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The Premonition by Michael Lewis (signed)


The Premonition by Michael Lewis (signed)

  • From our History & Politics, and Health & Medical categories:

    The Premonition: A Pandemic Story    by Michael Lewis

    2021  Hardcovered, with dust jacket.  New.  Signed by the author on a Westport Library book plate adhered to the half title page.


    A New York Times Bestseller
    An American Scientist Science Book of 2021
    Bloomberg Best Book of 2021
    Fortune Best Books of 2021
    Guardian Best Book of 2021
    Mother Jones Best Book of 2021
    Next Big Idea Club Best Nonfiction of 2021
    One of Smithsonian's 10 Best Science Books of 2021

    For those who could read between the lines, the censored news out of China was terrifying. But the president insisted there was nothing to worry about.

    Fortunately, we are still a nation of skeptics. Fortunately, there are those among us who study pandemics and are willing to look unflinchingly at worst-case scenarios.  Michael Lewis’s taut and brilliant nonfiction thriller pits a band of medical visionaries against the wall of ignorance that was the official response of the Trump administration to the outbreak of COVID-19.

    The characters you meet in these pages are as fascinating as they are unexpected.  A thirteen-year-old girl’s science project on transmission of an airborne pathogen develops into a very grown-up model of disease control.  A local public-health officer uses her worm’s-eye view to see what the CDC misses, and reveals great truths about American society.  A secret team of dissenting doctors, nicknamed the Wolverines, has everything necessary to fight the pandemic: brilliant backgrounds, world-class labs, prior experience with the pandemic scares of bird flu and swine flu . . .  everything, that is, except official permission to implement their work.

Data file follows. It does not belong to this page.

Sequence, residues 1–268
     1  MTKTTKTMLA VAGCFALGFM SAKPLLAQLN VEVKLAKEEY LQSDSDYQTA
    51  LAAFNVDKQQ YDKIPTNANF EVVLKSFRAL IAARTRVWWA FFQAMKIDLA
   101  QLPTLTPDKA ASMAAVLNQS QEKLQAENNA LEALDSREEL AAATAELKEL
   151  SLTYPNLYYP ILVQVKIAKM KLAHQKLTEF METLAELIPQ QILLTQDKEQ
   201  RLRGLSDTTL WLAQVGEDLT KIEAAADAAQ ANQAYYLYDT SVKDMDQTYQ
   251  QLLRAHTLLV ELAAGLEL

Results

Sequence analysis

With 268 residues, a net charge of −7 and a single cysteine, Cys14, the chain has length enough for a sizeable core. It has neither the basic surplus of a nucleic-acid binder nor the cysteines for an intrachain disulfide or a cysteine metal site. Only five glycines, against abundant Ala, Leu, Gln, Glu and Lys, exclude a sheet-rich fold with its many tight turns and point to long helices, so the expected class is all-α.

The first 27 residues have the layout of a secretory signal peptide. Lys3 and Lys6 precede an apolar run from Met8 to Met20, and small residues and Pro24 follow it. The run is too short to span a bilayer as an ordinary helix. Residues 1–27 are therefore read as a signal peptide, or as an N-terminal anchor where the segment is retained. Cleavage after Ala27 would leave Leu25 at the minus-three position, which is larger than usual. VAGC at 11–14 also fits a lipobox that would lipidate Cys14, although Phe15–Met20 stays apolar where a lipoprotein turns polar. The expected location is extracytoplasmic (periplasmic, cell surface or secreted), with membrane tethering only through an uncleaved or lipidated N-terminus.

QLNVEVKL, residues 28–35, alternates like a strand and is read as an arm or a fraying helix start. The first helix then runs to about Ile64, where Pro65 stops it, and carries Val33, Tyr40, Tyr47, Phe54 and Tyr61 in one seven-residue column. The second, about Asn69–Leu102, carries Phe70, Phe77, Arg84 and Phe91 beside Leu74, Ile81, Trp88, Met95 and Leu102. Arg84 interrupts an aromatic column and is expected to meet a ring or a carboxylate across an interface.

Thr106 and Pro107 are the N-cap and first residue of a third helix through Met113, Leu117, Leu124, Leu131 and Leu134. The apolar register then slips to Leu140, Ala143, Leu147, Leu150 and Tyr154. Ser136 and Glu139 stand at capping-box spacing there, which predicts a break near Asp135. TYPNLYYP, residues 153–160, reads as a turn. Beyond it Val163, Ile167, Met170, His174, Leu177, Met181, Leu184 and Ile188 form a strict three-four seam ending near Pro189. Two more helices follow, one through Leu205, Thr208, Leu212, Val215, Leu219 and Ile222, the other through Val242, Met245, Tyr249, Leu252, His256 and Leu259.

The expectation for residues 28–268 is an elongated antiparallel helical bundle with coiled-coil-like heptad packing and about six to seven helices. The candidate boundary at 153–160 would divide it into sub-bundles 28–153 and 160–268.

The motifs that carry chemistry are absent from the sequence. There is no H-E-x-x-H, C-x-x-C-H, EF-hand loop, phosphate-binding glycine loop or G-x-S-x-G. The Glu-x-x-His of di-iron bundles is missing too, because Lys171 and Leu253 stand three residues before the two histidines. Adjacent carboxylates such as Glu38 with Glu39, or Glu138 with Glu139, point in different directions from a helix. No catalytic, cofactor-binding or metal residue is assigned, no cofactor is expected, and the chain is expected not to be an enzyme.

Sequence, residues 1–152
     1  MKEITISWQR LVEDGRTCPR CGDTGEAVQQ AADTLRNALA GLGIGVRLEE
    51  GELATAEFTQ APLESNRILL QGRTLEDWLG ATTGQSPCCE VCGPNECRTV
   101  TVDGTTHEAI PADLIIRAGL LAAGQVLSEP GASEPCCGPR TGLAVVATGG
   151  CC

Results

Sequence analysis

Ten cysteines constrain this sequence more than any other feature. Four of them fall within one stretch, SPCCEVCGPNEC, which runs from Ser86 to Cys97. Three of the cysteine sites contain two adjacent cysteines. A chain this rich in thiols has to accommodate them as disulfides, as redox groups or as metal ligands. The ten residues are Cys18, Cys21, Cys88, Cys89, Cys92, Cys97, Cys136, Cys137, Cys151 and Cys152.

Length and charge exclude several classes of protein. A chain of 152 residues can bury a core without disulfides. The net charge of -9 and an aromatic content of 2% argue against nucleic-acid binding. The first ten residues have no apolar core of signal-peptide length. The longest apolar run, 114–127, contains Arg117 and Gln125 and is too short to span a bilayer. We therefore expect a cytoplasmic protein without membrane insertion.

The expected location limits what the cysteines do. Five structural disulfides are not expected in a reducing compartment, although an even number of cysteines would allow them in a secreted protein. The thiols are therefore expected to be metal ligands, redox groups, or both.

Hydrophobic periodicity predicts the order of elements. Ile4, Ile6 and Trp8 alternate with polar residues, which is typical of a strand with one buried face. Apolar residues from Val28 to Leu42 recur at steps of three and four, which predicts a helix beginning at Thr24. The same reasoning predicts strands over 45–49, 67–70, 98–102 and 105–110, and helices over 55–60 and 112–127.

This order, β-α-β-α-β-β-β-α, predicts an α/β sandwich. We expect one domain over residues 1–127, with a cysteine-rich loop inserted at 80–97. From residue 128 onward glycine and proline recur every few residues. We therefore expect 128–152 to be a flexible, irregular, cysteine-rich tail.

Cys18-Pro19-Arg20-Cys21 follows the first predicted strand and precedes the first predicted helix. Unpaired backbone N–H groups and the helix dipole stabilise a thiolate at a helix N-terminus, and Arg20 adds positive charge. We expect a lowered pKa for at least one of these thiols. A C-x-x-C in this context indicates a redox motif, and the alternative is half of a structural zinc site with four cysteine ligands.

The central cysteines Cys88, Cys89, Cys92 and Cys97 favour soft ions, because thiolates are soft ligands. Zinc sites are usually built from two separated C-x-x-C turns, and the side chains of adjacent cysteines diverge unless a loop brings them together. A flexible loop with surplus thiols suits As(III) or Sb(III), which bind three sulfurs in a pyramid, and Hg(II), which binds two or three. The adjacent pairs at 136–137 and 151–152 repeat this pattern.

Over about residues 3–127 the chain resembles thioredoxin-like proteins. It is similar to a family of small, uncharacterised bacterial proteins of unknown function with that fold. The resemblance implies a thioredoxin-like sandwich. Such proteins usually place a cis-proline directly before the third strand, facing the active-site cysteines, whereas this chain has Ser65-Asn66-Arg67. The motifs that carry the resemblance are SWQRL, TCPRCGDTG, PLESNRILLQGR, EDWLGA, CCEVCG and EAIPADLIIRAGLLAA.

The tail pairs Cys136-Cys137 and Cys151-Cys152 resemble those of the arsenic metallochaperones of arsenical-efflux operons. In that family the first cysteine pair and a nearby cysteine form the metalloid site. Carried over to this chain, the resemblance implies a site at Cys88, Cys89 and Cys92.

Michael Lewis is not shy about calling these people heroes for their refusal to follow directives that they know to be based on misinformation and bad science.  Even the internet, as crucial as it is to their exchange of ideas, poses a risk to them.  They never know for sure who else might be listening in.








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